“Do you think she likes me?”
You’ve probably asked that question many times. From adolescent crushes to job interviews, we’re always looking for signals that others accept us. This question is certainly relevant when you apply to B-school. Here, you’re competing against thousands of achievers. And admissions officers are weighing many variables. You want them to see the real you. And you know how a personal connection can give you an edge. So how do you build a relationship…without becoming a pest?
Nicole Lindsay, a former associate director of student affairs at Yale Business School and Goldman Sachs recruiter, has some insights. First, Lindsay advises applicants to view the process from the other party’s perspective. An admissions officer’s job is to find the right fits for the program. That means helping candidates produce the strongest possible applications. According to Lindsay, admissions officers see themselves as a resource for information and guidance.
Despite any affinity for certain candidates, they are continuously assessing them on their merits. And befriending an admissions officer can lead to hard feelings. “Friendship doesn’t equal admission,” Lindsay warns. She adds that a relationship can create a false sense of security for a candidate:
“A friendship won’t lead to an admissions officer advocating for you, rather it will just make them a whole lot sadder when they have to deny you, but deny you they will.”
Finally, Lindsay reminds candidates not to fret if they don’t forge a bond with an admissions officer:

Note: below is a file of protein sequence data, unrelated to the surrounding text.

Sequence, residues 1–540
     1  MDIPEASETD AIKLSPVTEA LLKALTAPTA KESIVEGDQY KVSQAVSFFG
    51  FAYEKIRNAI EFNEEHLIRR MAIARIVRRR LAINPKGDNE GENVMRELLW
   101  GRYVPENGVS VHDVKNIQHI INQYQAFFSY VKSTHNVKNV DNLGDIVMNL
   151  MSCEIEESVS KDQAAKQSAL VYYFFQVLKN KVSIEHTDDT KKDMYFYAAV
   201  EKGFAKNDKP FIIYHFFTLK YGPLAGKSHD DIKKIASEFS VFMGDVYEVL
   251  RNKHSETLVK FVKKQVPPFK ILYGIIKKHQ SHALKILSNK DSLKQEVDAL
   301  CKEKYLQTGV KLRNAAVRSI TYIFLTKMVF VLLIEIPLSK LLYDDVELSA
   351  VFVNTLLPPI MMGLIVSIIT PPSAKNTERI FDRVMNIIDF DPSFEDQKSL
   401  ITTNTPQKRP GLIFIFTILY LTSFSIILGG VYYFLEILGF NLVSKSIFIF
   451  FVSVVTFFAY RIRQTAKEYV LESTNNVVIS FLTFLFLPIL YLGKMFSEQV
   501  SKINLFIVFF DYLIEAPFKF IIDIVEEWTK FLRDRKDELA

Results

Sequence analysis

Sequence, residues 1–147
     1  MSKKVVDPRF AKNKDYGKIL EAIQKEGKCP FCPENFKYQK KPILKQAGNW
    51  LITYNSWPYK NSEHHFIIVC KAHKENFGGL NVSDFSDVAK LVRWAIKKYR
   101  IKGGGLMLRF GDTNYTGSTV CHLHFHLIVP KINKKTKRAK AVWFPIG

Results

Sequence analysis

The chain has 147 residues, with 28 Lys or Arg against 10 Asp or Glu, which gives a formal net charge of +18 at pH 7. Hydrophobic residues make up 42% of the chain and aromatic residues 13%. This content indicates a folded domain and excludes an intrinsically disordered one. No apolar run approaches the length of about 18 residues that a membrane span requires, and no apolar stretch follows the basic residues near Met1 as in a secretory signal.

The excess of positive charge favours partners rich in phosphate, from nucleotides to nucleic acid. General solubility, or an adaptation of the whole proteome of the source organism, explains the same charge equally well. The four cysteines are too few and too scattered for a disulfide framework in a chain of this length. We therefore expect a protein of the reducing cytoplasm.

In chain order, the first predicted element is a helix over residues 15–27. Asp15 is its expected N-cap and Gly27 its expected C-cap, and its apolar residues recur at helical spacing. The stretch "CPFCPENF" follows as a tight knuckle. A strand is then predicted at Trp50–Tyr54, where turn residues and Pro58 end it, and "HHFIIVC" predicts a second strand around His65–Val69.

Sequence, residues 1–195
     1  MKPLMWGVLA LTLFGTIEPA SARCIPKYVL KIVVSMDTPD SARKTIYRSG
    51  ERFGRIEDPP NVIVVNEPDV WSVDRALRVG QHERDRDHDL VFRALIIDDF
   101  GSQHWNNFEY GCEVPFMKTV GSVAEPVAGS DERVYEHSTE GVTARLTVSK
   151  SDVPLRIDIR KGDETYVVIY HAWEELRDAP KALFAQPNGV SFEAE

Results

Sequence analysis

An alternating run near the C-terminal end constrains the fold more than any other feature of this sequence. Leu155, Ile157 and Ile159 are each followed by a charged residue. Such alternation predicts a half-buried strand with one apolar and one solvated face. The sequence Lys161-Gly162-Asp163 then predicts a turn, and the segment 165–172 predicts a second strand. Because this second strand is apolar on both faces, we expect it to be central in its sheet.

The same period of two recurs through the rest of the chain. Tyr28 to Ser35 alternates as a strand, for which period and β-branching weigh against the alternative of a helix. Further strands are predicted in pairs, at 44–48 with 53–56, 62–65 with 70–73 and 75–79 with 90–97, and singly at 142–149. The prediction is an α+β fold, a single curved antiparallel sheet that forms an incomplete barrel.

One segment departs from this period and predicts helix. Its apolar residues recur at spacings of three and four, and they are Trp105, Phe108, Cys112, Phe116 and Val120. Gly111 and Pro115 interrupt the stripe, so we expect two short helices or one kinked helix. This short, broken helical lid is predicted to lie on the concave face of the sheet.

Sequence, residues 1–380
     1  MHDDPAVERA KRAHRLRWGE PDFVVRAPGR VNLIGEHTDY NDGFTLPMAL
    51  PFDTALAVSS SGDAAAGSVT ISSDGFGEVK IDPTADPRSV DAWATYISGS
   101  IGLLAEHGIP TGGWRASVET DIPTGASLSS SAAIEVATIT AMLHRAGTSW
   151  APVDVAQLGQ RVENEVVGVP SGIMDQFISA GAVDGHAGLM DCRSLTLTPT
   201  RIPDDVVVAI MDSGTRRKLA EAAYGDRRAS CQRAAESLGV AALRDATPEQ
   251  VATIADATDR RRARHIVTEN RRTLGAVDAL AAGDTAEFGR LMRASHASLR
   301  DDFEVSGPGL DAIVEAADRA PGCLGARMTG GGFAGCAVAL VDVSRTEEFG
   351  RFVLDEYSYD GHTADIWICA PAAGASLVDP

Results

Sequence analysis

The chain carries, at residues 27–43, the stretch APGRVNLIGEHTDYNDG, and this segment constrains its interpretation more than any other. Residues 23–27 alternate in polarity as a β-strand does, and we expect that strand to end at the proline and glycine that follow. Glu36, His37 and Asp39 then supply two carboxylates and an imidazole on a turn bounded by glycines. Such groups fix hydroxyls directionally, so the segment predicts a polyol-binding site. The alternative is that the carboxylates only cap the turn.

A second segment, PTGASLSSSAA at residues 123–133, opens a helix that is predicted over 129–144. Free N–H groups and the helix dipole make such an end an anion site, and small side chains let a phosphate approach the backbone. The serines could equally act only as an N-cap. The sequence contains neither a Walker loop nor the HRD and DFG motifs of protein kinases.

We, and admissions officers, express ourselves in different ways. You may be interacting with an admissions officer at a reception with a glass of wine in your hand and ‘feel’ that the conversation is a little forced and flat, but in fact you are exchanging the right information between each other and laying in the foundation for a robust relationship. Don’t project your desired interaction on the actual interface with an admissions officer.
Reneging on an MBA Job Offer? It May Cost You $20,000
Think you can walk away from an internship with no repercussions? Well, not at Georgia Tech. According to Bloomberg Businessweek, two MBA candidates who broke an internship commitment in favor of another “are no longer welcome at career services, can’t participate in on-campus recruiting, and won’t be allowed to sit in on company information sessions.” Ouch!
Believe it or not, these students probably got off easy. At Wharton, students can be fined up to $20,000 for backing out of an internship (and must write an apology letter, too). For Harvard students, reneging can cost students anything from access to alumni resources to invites at reunions. MIT Sloan even penalizes students for violations like missing scheduled company interviews.
Of course, the policy works both ways. Companies who rescind interns can also face punishments like being banned from on-campus recruiting.
So how do the top business schools punish such infractions? Click on the link below to find out.
Source: Bloomberg Businessweek
You’ve heard all the clichés about Millennials. Critics dismiss them as narcissistic, needy, and disloyal. Advocates praise them as collaborative and family-driven. Whatever your feelings, make no mistake: Gen-Y is revolutionizing the workplace. That’s particularly true of those Millennials with MBAs.
This week, Bloomberg Businessweek examined how Millennial MBAs are challenging convention in search of a better work-life balance. A study by PricewaterhouseCoopers (PwC), which recruits hundreds of MBAs annually, found that over two-thirds of their younger employees were looking to adjust their hours or work more from home. As a result, PwC has implemented telecommuting, flexible scheduling and seasonal help to better suit Gen-Y employees.